Collecting seeds is a long practiced tradition. The oldest carbon dated seed is a Date Palm seed about 2,000 years old! Seeds have been collected and stored in Seedbanks around the world, preserving many varieties as a back up plan in case of natural disasters, outbreaks, war, disease etc. There are somewhere near 6 million seeds being stored in over 1,000 seedbanks worldwide.
Svalbard Global Seed Vault collects seeds in an abandoned coal mine about 800 miles away from the North Pole, on the Norwegian island of Spitsbergen. These seeds are copies, or "spares" of seeds held in gene banks around the world. A back up, to the back up, if you will. They are highly protected.
Seed saving isn't as daunting as it looks. It is something any of us could do, in our own back yards, in our gardens, or even our flower pots.
Seed saving had lost popularity in recent years with the majority of growers choosing to buy annually, but is feeling a resurgence with growing interest in organic farming, permaculture and heirloom varietals. Seedy Sunday (or Saturday) is a yearly seed exchange started in Canada in 1989. It began as a program to exchange heritage seeds. This community connecting event usually happens near the end of winter. Check the Seedy Sunday seed swap page for the next event.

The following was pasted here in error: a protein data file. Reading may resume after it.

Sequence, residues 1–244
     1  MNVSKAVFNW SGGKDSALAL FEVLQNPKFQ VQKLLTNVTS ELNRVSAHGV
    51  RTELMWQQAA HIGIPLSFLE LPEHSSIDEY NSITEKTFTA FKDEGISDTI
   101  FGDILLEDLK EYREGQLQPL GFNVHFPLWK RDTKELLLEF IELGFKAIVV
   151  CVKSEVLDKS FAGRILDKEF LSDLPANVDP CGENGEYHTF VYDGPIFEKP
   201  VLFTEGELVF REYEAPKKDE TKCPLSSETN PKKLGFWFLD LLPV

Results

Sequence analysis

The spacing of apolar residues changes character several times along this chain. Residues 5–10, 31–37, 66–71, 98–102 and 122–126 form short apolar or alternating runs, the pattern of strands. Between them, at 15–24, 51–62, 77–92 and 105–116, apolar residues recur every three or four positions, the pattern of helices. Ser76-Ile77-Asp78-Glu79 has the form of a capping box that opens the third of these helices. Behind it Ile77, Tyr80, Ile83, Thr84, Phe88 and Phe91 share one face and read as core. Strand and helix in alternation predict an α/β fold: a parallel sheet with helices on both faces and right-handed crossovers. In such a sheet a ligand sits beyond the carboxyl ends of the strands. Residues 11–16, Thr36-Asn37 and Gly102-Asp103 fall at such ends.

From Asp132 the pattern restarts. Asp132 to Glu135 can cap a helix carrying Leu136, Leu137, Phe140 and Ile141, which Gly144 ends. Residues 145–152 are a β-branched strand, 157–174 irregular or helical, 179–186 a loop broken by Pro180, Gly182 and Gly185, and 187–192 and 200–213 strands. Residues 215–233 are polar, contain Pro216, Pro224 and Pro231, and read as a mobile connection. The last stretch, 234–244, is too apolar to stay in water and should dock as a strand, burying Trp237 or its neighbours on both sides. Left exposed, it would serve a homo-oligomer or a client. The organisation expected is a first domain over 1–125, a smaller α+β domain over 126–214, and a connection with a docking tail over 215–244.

If you are interested in learning more about saving your own seeds, your local librarian could point you in the direction of books worth checking out. Flower Garden News has step by step advice on collecting, drying and storing seeds. The Seed Savers Exchange is a great network to connect with other seed collectors. The International Seed Saving Institute offers 5 day seminars, and also information for the expert or novice on seed saving, broken down by vegetable. The United States Forest Service offers information on saving native plant seeds. And the HomeStead series (on Youtube) offers this strait forward video on collecting Tomato Seeds.
For the lazy seed collector, Amazon.com sells a Survival Seed Bank for only $49.95. Providing you with back up seeds to grow a full acre crisis (victory) garden!
Photo Credits: Svalbard Global Seed Bank courtesy of the Svalbard Gloval Seed Bank. Seeds in Jars Photo by: Frans Lanting/Corbus. Seedy Sunday Photo by: Sue Craske.